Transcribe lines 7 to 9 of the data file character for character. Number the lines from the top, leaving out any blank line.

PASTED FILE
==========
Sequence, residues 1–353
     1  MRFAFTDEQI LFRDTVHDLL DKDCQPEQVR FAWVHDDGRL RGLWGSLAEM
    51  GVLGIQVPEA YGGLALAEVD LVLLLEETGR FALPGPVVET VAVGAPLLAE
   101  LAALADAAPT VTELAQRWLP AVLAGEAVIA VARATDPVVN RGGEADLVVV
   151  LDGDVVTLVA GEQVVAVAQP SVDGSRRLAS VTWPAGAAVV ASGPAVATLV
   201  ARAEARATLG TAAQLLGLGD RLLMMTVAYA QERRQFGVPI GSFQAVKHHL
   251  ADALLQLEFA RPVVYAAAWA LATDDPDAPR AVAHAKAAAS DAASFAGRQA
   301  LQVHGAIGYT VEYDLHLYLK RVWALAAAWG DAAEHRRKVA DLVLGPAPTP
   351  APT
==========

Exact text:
   251  ADALLQLEFA RPVVYAAAWA LATDDPDAPR AVAHAKAAAS DAASFAGRQA
   301  LQVHGAIGYT VEYDLHLYLK RVWALAAAWG DAAEHRRKVA DLVLGPAPTP
   351  APT